We encourage economics majors and minors to enrich their economic knowledge by participating in study away and internship programs. We believe that study away offers students an opportunity to better understand that people live and experience the world in different ways, whether this is through navigating a foreign university system or buying groceries at a local market. This exposure to different ways of living and imagining the world helps build a better understanding of diverse economic norms and institutions across the world.
Students studying away will experience firsthand the ways in which everyday life and routine is mediated by local politics, economics, customs and religion. They also have a unique opportunity to reflect on their own identities and the identities of others in regards to nationality, race, ethnicity, gender and class. In the process, students will develop language skills and solidify their understanding of the relationships between language, culture and economic systems. Ultimately, students will learn to adjust and adapt to new situations, environments and systems skills and resourcefulness that will be useful throughout their lives.
Visit the Global Focus website to learn of the numerous study away programs offered by other institutions and sponsored by Connecticut College.
Language and culture
Given the intimate link between language and culture, we urge students to connect their first two years of language studies at Connecticut College to their study-away experiences. This can be achieved by enrolling in study-away programs that offer courses and/or immersive learning experiences in the same language studied at the College.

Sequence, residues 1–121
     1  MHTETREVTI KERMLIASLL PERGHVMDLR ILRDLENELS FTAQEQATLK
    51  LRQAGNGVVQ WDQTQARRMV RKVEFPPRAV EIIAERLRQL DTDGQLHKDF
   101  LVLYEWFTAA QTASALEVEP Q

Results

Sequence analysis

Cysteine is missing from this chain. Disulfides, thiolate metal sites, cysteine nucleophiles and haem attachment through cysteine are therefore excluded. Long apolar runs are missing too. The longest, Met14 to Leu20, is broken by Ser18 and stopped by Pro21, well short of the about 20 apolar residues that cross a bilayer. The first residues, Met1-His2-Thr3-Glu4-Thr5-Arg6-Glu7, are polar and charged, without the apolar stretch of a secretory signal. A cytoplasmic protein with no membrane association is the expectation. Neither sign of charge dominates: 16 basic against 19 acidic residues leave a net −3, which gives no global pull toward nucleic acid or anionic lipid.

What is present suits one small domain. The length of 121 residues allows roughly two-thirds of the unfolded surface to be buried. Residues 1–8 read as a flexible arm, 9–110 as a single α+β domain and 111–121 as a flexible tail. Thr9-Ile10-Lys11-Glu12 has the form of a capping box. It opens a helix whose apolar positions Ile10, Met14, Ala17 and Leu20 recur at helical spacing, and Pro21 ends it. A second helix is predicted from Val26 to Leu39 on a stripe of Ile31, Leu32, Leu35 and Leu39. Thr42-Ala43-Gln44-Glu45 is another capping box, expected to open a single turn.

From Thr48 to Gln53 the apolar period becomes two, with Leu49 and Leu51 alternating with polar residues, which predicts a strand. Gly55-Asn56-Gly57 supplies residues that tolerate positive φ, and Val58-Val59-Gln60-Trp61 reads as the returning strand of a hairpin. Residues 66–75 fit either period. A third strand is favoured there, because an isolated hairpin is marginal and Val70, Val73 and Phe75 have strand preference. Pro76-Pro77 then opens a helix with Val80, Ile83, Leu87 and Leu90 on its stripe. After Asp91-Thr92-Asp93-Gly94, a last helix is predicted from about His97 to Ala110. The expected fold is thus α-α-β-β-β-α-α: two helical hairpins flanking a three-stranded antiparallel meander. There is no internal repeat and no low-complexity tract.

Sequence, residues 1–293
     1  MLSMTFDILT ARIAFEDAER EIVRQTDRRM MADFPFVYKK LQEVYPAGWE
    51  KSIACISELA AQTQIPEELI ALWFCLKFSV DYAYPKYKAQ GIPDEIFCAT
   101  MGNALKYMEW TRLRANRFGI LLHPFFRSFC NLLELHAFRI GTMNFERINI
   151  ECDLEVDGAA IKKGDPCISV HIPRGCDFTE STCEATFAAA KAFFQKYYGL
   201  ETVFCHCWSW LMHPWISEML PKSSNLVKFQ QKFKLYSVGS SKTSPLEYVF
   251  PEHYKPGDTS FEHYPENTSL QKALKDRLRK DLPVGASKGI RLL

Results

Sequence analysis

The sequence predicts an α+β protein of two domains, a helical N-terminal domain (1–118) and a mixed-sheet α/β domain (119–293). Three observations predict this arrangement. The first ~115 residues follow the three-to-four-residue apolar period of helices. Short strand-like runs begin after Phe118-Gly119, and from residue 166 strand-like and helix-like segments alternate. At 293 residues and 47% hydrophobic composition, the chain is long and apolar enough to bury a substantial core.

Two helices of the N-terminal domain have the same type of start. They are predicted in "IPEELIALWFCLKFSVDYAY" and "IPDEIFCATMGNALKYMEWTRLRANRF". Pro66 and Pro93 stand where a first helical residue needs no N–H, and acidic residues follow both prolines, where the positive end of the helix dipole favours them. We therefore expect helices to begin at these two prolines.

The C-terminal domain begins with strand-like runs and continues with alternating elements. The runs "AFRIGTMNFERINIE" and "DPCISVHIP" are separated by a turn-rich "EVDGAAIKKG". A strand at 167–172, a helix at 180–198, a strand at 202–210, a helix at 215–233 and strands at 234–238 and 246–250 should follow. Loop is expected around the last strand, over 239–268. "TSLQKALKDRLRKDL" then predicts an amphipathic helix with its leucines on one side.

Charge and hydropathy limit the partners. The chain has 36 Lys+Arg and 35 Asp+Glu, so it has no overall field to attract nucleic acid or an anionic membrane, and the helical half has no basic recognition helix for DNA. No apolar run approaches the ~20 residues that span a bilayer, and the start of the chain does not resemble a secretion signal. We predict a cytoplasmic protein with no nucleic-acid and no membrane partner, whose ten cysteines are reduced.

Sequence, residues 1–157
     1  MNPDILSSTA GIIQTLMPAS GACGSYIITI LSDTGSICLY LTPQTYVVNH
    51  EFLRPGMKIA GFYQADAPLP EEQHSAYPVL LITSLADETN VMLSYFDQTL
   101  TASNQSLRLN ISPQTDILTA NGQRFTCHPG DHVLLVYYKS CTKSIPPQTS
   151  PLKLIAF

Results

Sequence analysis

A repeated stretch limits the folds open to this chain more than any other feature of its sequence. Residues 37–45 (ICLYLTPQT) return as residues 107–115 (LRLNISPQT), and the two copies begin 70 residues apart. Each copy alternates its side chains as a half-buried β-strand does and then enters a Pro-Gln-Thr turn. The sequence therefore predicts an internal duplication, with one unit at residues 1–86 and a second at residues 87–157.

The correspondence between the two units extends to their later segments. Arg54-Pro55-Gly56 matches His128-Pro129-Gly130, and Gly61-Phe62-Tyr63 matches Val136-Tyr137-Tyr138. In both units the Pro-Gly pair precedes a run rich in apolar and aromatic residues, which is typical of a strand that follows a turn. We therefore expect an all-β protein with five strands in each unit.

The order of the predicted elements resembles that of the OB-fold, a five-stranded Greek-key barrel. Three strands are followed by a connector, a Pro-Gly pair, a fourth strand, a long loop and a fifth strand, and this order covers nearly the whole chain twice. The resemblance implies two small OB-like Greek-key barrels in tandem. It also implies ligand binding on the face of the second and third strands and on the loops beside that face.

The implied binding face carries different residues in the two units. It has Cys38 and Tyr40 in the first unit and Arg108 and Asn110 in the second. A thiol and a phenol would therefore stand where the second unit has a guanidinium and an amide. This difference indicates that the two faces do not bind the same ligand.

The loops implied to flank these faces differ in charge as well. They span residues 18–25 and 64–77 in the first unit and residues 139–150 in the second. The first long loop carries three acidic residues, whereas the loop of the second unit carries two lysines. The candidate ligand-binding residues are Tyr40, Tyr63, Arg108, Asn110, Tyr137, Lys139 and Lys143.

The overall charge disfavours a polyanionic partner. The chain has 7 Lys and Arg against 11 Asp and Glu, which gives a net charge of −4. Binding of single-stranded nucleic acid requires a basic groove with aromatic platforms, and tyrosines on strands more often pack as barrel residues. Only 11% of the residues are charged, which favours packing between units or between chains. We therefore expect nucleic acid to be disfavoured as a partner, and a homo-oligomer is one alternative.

Preparing to study away
We think it is critically important that our majors and minors rigorously prepare for their study away experiences, but also have an opportunity to unpack those experiences when they return. Economics majors who plan to study away are recommended to enroll in a pre-departure seminar offered by the Hispanic Studies Department. During this pre-departure seminar, students who are preparing to study away can meet and learn from the experiences of those returning.
For those who want to study away, we require our majors and minors to develop a Study Away Rationale that provides a rationale for their specific program selection with the help of their major advisor. Criteria for the Rationale may include, for example, a program that offers a unique opportunity for language study (including languages that are not taught at Connecticut College); a program that offers courses in areas of economics that are not regularly taught at Connecticut College (for example, economics of information, contract theory, or courses with a geographic regional focus beyond the expertise of our faculty); or a program that provides instruction in research methodologies that may contribute to developing a research plan for an Honors Thesis or Senior Integrative Project.
Applying courses to the major or minor
Students are strongly encouraged to consult with the student’s advisor to make sure the courses they plan to take or took would count towards the economics major or minor. A maximum of two economics courses taken during a study away semester can be applied to the major or minor upon approval by the student’s advisors and the Chair of the department.
On return, students must complete a Course Exception Form available from the Registrar. The student must then take the Course Exception Form to the Chair for approval and then to the Registrar's office.
SATA Vietnam offers our students the chance to become immersed in the life of a developing country whose history is intrinsically interesting and at the same time inseparably a part of major currents in world affairs. Colonialism and its aftermath, the Cold War, Confucianism and Communism, war and revolution, globalization: all are manifest in the atmosphere of Hanoi. SATAVietnam's academic program takes full advantage of its setting, which will enrich the education of students interested in the arts, history, cultural studies, economics, international relations, Asian studies, environmental studies, and American studies, among others.